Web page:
For decades as a photojournalist, I’ve enjoyed seeking out the best views in the West. These top seven sites, with their natural and cultural beauty, remind us of why we travel. Fortunately, taking stunning photos has never been easier. You can bring a professional camera and tripod, if you wish, but they’re certainly not required. Today’s cell phone cameras are so high quality that you can shoot just about anything without worrying about settings or lugging around equipment.
1. The Golden Gate Bridge from the Marin Headlands in California
Marin's green hills, the iconic orange bridge, and blue water combine to create striking images. Cross the Golden Gate Bridge out of San Francisco, follow exit 442 to the right, then turn left under the roadway to climb Conzelman Road. Three choice outlooks await. First is Battery Spencer, a WWII gun emplacement that allows you to walk close to the North Tower. Second is the midway stop with the famous view. Finally, continue up to the roundabout and turn left for a panoramic perspective of the bay, bridge, and city skyline. All three turnouts have limited parking and are less crowded on weekdays. Go in the spring and fall to avoid the dense summer fog that can envelope the area.
2. Yosemite Valley from Tunnel View in California
An elevated perspective from Tunnel View offers a stunning look at Yosemite Valley. Every season presents a changing tableau, from deep-green forests in summer to the dazzling snowscape of winter. Leave Yosemite Valley on Southside Drive at Wawona Road, and pull into the parking turnout before the road disappears into the Wawona Tunnel. Early morning and dusk are ideal for dramatic photos with the light hitting Half Dome and El Capitan.
3. Colors of Red Rock Canyon National Conservation Area in Nevada
The beauty of the red iron-oxide bands in the rock formations a half hour west of Las Vegas attracts many photographers. Take the 13-mile, one-way loop road to see the sights. Stop at the Willow Springs parking lot for an easy 1.5-mile hike with views of the steep mountains and an occasional desert bighorn sheep. Summer heat may keep you close to your air-conditioned car, but turnouts such as Dale’s View will lure you out to capture the striking red bands in the white stone. In spring, wildflowers such as white yucca ornament the rock formations for beautiful detail shots.
4. Hoodoos at Bryce Canyon National Park in Utah
It’s impossible to point to just one of the thousands of tall hoodoos—the odd-shaped pillars of rock left standing after the adjacent terrain has washed away—to photograph in this park. Take Highway 63, the single 18-mile road in and out of the park that runs south from Highway 12, and explore its many scenic turnouts. One of the best is Inspiration Point, where you look out on thousands of hoodoos. The hour before sunset is especially spectacular as the pink and red spires seem to glow, but dawn also casts an ethereal light.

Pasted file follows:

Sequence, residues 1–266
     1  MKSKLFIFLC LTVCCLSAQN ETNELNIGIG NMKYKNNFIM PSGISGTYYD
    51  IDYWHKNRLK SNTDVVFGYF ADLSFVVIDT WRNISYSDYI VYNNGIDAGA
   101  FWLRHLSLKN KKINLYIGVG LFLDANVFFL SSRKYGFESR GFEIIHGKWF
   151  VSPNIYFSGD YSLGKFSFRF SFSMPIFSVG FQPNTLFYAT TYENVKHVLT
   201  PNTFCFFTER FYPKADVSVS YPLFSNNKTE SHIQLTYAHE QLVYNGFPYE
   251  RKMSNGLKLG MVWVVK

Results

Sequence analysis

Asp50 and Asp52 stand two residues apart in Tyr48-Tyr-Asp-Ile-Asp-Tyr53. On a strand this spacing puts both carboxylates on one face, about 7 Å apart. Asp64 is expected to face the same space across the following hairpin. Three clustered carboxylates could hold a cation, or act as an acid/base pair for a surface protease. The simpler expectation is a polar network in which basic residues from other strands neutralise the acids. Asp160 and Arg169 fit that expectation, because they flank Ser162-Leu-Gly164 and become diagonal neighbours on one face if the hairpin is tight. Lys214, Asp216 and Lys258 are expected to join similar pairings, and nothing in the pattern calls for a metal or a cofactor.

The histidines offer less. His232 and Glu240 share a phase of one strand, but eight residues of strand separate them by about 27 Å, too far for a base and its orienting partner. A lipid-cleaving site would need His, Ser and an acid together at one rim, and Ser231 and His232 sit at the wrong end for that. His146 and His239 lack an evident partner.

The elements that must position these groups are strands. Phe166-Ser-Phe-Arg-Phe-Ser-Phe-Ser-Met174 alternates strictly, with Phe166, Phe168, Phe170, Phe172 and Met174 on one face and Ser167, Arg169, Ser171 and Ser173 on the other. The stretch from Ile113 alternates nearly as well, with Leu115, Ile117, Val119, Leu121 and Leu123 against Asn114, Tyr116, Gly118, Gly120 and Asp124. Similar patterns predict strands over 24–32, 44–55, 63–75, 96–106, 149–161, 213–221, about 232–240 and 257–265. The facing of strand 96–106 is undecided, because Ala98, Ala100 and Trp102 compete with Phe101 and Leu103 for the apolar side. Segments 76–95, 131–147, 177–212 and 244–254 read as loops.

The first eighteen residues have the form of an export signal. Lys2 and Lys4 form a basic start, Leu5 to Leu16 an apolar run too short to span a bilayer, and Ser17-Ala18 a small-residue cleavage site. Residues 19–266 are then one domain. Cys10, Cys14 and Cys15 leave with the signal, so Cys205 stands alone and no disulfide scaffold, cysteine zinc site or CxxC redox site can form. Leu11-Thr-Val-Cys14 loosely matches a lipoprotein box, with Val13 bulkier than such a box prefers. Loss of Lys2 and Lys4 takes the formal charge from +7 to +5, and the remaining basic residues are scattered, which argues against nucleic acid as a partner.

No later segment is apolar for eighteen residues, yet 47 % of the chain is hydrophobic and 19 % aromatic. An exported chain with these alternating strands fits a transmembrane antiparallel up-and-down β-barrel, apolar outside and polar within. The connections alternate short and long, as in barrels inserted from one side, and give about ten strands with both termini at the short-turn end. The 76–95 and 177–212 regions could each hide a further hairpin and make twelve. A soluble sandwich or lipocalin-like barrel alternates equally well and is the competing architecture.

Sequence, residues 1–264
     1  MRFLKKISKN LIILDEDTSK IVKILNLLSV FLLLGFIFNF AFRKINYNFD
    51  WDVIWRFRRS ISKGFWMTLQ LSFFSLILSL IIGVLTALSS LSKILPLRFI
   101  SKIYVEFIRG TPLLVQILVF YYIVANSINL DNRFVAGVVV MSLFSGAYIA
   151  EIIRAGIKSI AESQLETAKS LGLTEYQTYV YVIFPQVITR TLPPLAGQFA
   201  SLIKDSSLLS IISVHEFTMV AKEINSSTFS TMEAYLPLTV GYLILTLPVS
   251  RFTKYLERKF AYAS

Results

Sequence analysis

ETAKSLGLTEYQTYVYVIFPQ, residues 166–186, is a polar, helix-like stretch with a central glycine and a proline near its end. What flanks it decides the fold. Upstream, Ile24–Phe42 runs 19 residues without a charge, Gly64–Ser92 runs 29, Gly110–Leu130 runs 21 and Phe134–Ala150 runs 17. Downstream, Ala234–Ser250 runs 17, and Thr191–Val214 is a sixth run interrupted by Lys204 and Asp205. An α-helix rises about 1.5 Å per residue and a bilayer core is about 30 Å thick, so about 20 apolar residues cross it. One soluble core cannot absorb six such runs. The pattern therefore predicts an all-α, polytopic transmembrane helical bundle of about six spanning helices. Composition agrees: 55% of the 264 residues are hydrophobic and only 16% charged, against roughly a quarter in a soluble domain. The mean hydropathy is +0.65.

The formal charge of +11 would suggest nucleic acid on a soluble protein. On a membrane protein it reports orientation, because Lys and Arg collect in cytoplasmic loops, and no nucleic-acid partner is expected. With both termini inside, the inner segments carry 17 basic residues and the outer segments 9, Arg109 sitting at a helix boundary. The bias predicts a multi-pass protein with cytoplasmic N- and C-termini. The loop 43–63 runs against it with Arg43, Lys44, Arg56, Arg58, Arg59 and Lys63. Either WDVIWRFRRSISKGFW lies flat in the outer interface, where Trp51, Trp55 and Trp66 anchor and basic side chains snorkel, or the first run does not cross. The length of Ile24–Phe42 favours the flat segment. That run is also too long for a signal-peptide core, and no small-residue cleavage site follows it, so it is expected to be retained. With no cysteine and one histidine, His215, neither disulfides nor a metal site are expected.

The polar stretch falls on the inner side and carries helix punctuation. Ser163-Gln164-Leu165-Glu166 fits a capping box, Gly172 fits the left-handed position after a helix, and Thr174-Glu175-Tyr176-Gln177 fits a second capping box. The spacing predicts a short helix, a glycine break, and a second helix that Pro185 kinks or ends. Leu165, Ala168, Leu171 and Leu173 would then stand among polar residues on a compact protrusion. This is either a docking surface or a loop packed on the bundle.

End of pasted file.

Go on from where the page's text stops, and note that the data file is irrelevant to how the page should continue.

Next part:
5. The Grand Canyon from the South Rim in Arizona
The Grand Canyon is a photographer’s dream. A mile deep, up to 18 miles wide, and 277 miles long, this cherished landscape is Arizona’s pride. Arrive at the South Rim and take Desert View Drive. Don’t miss the panoramic glory of Yavapai Point and the subtle color palette of Moran Point along the way. The Grand Canyon is so vast that the moving sun can change the look and feel of your shots and alter what you see. Dawn and dusk are muted and luscious, while the hard, angular light of midday penetrates deep into the canyon.
6. The Giant Saguaro Cactus Forest in Arizona
Saguaro National Park preserves a pristine giant saguaro cactus forest near Tucson. Drive through the park with your camera ready to capture these enormous plants with their outstretched arms. Saguaros live 200 years and rise up to 40 feet, encouraging you to take vertical photos of the cactus against the desert sky. They are especially lovely May through June when their white flowers bloom. The park has two districts, both worth a drive. The eastern Rincon Mountain District features a paved 8-mile loop through the Cactus Forest. On the west side, the Tucson Mountain District has a rugged road that’s better suited for SUVs, but the Valley View Overlook is worth the rougher ride.
7. Mysterious Islands at Crater Lake National Park in Oregon
Capture the eerie serenity and cobalt blue water that remains more than 7,700 years after Mount Mazama’s explosive eruption. As you follow Rim Drive around the deepest lake in the U.S., the lyrical islands become beguiling subjects. One of the first stops, the Watchman Overlook, reveals Wizard Island. Or stop at the Phantom Ship Overlook for a close-up of the small rock formation named after its physical likeness to a ghost ship. The blue early-morning light on Crater Lake or the golden glow just before sunset make unforgettable prints.